Fuel mix and emissions
Natural gas is the predominant fuel for the production of electricity in New England, and it accounted for over 60% of the region’s generation in both July and August.
Approximately 6 million gallons of fuel oil were used during the July heat wave as a result of unplanned outages of natural gas generating facilities. With fewer natural gas resources being out of service during the August heat wave, only about 1.5 million gallons of fuel oil were used during that period.
Oil-fired generation accounted for more than 11% of the electricity produced within New England during some afternoon and evening hours in the July heat wave. Across the month of July, though, oil-fired generation accounted for just 0.7% of the electricity produced within New England. In August that figure fell to 0.2%.
The heat waves also had implications for regional power system carbon dioxide (CO2) emissions.
Coupled with the overall increase in demand for electricity, shifts in the resource mix can drive up regional air emissions, as oil-fired resources produce more CO2 per megawatt-hour of electricity generated than any other fuel. The ISO estimates these emissions through an analysis that blends data on electricity generation by fuel type with an emissions factor for each fuel that is based on data from the Environmental Protection Agency.
At an estimated 845,967 metric tons, CO2 emissions from New England power plants during the July heat wave were about 50% higher than the same week in 2021.
For the entire month of July, emissions increased about 17% year over year. While emissions spiked during the July heat wave due to oil-fired generation, the increase across the month was driven by higher demand and an associated increase in gas-fired generation to meet it.
Emissions were flat in August 2022 compared to August 2021, as the region saw only a slight year-over-year increase in electricity use.
The summer of 2022 was also marked by below-normal precipitation, with much of New England experiencing abnormally dry or drought conditions. The lack of rainfall did not have an appreciable effect on hydropower output. In fact, hydropower resources were among those ramping up production at times of peak demand during July’s heat wave.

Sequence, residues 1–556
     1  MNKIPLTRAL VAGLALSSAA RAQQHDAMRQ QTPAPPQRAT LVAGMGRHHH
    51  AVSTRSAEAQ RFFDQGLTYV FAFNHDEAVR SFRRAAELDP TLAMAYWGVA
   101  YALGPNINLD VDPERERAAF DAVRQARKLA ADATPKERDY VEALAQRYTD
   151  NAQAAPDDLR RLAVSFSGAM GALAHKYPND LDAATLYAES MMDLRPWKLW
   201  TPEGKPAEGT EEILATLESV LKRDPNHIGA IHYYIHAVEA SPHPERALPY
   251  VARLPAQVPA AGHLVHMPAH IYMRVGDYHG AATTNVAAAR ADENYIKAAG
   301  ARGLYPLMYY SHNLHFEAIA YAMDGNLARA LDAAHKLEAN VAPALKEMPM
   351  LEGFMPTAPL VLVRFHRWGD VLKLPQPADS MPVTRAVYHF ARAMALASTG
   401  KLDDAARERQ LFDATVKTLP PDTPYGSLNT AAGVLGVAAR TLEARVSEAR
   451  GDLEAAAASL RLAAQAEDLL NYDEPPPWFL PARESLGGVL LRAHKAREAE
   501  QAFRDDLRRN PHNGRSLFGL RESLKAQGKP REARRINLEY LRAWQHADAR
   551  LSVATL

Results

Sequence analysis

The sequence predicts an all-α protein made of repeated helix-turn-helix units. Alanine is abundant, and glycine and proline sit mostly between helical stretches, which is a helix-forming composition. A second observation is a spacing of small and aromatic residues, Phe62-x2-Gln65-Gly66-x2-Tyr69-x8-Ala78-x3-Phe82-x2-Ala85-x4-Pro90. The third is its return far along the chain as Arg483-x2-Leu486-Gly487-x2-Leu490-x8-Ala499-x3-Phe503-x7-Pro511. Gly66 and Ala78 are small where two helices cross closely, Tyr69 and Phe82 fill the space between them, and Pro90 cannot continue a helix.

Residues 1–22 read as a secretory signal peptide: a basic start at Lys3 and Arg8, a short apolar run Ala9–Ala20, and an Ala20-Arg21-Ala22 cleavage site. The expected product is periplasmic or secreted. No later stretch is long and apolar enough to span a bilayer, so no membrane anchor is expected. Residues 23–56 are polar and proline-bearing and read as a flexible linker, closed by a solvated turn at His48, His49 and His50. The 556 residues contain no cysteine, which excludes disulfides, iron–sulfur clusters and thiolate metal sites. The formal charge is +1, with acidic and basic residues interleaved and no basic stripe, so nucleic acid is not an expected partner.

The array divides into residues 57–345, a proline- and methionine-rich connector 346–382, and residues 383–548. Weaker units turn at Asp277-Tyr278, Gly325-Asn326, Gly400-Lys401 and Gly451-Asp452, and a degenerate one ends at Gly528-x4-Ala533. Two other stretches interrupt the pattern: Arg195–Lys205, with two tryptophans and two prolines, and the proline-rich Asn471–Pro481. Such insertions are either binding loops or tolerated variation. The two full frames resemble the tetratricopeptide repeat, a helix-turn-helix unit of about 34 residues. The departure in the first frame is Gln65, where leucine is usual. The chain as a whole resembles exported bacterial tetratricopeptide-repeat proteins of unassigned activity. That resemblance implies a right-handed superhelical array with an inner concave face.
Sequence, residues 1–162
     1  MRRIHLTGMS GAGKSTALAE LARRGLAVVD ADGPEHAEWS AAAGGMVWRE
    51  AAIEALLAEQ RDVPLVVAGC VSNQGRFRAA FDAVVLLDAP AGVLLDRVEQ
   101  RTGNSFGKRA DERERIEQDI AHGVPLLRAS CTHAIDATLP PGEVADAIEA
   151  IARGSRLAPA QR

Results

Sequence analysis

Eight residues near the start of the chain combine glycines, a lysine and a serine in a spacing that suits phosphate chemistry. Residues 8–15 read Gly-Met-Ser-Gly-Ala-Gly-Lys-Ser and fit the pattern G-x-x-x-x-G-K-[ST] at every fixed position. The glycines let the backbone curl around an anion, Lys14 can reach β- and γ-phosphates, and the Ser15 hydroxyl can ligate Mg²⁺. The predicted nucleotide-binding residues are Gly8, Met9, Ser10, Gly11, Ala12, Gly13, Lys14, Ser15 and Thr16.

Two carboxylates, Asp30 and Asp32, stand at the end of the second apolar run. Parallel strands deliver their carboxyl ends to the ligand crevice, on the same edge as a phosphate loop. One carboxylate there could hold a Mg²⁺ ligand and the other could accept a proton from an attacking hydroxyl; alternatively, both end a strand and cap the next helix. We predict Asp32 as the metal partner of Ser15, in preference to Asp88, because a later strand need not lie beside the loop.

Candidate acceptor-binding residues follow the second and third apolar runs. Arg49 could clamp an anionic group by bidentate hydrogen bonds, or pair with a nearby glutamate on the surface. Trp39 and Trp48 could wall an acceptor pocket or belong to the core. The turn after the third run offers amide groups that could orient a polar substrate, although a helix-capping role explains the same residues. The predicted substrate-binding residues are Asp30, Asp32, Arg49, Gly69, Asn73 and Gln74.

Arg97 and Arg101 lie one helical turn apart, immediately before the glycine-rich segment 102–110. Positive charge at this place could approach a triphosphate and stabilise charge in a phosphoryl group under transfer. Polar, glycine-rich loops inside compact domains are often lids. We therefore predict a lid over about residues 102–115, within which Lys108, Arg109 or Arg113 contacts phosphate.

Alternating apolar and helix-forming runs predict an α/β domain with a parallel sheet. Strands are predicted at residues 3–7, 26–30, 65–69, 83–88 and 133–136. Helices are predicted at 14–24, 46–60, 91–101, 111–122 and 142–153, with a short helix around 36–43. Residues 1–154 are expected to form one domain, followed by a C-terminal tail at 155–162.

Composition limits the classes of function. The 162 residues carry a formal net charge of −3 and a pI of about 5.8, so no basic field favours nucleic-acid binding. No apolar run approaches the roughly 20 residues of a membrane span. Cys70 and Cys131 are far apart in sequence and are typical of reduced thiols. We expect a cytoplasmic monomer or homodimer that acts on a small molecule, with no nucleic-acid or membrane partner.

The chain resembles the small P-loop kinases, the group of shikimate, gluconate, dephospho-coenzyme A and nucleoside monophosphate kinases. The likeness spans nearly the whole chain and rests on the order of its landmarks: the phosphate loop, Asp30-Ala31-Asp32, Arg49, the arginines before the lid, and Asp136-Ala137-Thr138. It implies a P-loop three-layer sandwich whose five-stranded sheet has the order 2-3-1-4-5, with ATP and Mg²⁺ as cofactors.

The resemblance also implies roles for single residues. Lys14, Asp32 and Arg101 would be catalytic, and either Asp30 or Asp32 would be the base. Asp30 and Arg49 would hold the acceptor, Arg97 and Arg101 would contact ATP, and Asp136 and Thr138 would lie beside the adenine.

1 The 50-50 forecast is for electricity demand during average weather, and means that there is a 50 percent chance peak demand will be above or below the forecast. The 90-10 forecast—which reflects above average heat and humidity in the summer, and colder than average temperatures in the winter—means there is a 10 percent chance that peak demand will be higher than the forecast.
2 A degree day is a measure of heating or cooling. A zero degree day occurs when no heating or cooling is required. As temperatures drop, more heating days are recorded; when temperatures rise, more cooling days are recorded. The base point for measuring degree days is 65 degrees. Each degree of a day’s mean temperature that is above 65 degrees is counted as one cooling degree day, while each degree of a day’s mean temperature that is below 65 degrees is counted as one heating degree day. A day’s mean temperature of 90 degrees equals 25 cooling degree days, while a day’s mean temperature of 45 degrees equals 20 heating degree days.
3 A British thermal unit (Btu) is used to describe the heat value of fuels, providing a uniform standard for comparing different fuels. One million British thermal units are shown as MMBtu.